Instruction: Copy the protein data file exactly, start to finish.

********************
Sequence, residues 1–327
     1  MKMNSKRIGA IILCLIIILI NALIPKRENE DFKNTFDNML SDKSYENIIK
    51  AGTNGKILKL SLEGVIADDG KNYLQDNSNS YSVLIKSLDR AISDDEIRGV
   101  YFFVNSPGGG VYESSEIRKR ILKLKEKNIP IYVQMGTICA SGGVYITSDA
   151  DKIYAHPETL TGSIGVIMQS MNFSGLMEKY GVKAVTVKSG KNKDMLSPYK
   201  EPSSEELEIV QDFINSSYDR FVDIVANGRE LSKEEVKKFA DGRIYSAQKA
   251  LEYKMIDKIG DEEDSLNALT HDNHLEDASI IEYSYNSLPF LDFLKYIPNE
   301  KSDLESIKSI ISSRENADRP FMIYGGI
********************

Sequence, residues 1–327
     1  MKMNSKRIGA IILCLIIILI NALIPKRENE DFKNTFDNML SDKSYENIIK
    51  AGTNGKILKL SLEGVIADDG KNYLQDNSNS YSVLIKSLDR AISDDEIRGV
   101  YFFVNSPGGG VYESSEIRKR ILKLKEKNIP IYVQMGTICA SGGVYITSDA
   151  DKIYAHPETL TGSIGVIMQS MNFSGLMEKY GVKAVTVKSG KNKDMLSPYK
   201  EPSSEELEIV QDFINSSYDR FVDIVANGRE LSKEEVKKFA DGRIYSAQKA
   251  LEYKMIDKIG DEEDSLNALT HDNHLEDASI IEYSYNSLPF LDFLKYIPNE
   301  KSDLESIKSI ISSRENADRP FMIYGGI